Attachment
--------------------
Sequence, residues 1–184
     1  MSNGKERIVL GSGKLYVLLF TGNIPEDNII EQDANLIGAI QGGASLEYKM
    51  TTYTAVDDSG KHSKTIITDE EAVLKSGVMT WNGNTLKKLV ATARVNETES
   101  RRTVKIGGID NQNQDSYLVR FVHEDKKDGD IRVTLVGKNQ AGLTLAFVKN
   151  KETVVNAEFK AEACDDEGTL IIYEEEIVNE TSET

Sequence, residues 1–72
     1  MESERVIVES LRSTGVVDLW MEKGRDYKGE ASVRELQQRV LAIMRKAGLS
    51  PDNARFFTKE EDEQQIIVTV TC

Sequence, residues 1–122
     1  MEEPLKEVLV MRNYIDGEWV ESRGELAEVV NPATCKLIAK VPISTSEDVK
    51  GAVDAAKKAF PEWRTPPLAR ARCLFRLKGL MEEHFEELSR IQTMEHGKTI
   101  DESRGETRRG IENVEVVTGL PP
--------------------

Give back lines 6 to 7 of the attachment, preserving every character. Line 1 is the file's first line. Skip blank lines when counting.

Sequence, residues 1–72
     1  MESERVIVES LRSTGVVDLW MEKGRDYKGE ASVRELQQRV LAIMRKAGLS